Prince Vladimir gave the Russian people a new meaning of life and a new vitality. Calamities, failures and defeats are powerless before the main force of life, powerless before spiritual life. The Kingdom of God, the spiritual joy of participating in it remain untouched. The terrible storm passes, and again a man lives. Thus, during the most cruel tortures, the martyrs rejoiced, sensing God's grace.
This is the source of Russia's vitality. Calamities do not strike her heart. The Tartars burned the whole of Russia. Kiev fell, and in the same year Novgorod arose; and that great commander and leader of the Russian people, the Right-believing Prince Alexander Nevsky, roused the Russian people for a struggle, not with the Tartars, who had racked Russia's body, but with the Catholic Swedes, who, taking advantage of Russia's misfortune, wanted to seize the soul of the Russian people and kill the spiritual might of the Russian nation and Russia. For Alexander Nevsky it was necessary above all to preserve that spiritual might.
The history of Moscow's ascendancy is a clear confirmation of this same idea. In its nascence, Moscow was a not very large, local amalgamation. But at its head stood right-believing princes, who had assimilated this Orthodox understanding of righteousness; and therefore, when the holy hierarch, Metropolitan Peter, told the prince that Moscow would rise to prominence and that the hierarch himself would live and be buried there if the prince built a home in Moscow for the Most Holy Mother of God, the prince fulfilled this covenant. In other words, the holy hierarch Peter told him, "If thou wilt be faithful to Orthodoxy to the end and wilt first of all seek the Kingdom of God and His righteousness, then all these things — everything earthly, everything of this life, everything pertaining to the state — will be added unto thee."
Such was Moscow's intent, and it was faithful to Saint Peter's testament; the night muster of the military watch on the Kremlin's walls took place with the words: "O Most Holy Theo-tokos, save us!"
This does not mean that Russia's life and people were holy. No! Men are always sinful; but when there is an awareness of good and evil, when there is a striving towards righteousness, restoration is possible. This is what is important and soul-saving.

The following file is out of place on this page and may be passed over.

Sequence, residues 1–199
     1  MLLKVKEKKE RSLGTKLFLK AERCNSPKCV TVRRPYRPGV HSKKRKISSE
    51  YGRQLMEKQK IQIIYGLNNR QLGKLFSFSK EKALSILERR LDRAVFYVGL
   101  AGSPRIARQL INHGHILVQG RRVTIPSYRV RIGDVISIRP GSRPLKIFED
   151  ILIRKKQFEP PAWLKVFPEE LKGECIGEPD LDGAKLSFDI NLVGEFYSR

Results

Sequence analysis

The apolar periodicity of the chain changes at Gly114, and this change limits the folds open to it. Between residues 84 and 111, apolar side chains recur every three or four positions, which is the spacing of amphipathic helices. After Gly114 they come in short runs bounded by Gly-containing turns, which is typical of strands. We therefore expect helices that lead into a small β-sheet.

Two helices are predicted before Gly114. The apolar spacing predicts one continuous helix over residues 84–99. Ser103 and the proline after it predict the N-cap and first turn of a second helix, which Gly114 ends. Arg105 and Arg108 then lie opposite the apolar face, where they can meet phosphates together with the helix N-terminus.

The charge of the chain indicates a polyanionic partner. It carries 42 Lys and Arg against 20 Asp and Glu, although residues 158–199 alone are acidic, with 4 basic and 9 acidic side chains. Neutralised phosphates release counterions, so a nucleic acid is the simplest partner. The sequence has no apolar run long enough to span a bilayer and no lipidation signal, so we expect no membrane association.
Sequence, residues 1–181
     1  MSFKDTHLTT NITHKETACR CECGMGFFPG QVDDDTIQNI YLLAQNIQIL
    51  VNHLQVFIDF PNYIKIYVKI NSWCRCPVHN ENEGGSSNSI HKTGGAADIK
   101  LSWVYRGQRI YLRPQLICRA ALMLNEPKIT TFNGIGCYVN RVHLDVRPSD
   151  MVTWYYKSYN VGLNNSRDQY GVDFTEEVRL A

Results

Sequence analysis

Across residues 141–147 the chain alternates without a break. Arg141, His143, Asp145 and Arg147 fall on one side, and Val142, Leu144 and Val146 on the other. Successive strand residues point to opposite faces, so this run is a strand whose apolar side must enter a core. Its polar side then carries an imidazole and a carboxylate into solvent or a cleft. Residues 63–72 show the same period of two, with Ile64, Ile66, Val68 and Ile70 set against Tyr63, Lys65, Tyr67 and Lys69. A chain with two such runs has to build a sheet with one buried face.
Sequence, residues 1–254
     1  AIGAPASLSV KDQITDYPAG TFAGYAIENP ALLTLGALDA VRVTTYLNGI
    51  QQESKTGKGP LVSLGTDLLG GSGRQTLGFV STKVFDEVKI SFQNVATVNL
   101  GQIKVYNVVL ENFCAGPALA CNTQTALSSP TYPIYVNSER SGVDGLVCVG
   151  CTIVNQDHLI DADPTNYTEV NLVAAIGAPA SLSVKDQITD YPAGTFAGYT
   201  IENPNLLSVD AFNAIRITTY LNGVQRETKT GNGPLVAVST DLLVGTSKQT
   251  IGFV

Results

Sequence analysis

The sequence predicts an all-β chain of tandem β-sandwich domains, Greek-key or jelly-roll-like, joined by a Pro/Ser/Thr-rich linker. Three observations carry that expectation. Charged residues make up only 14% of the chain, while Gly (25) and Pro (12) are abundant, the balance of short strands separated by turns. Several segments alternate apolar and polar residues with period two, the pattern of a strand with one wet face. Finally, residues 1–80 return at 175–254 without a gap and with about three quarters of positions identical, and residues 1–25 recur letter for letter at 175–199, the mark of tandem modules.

In its historical life, sinful Moscow, the capital of sinful Russia, fell to the bottom, but it arose again because the consciousness of righteousness did not die.
During the Time of Troubles, Russia fell so low that all her enemies were convinced that she was mortally stricken. In Russia there was no tsar, no authority, no army. In Moscow, foreigners were in power. People became "fainthearted" and weak, and they awaited salvation from the foreigners with whom they ingratiated themselves. Destruction was inescapable, and Russia would inevitably have perished had the consciousness of righteousness been completely lost. But the holy hierarch Germogen saved Russia and the Russian people. The enemies of Russia held him in a cellar in the Kremlin, mocked him, tortured him, and tried to force him to submit to them, thereby betraying the Russian understanding of righteousness. Saint Germogen was tortured to death, but spiritually he did not surrender, and he called Russia to her historical path as a Christian state with a Christian authority; he called her to remember the truth and to be faithful to it.
In faith and confession, Saint Germogen spiritually and morally regenerated the Russian nation, and it again started on the path of seeking the Kingdom of God and His righteousness, the righteousness of subordinating the earthly life of the state to spiritual principles. And Russia rose up. In history there is no other example of such a profound fall of a state and such a rapid, miraculous resurgence, within a year's time, when spiritually and morally the people rose up. Such is the history of Russia, such is her path.
After Tsar Peter I, public life turned aside from this path. It did not turn aside completely, but it lost the clarity of the consciousness of righteousness, the clarity of faith in the Gospel Truth, "Seek ye first the Kingdom of God and His righteousness."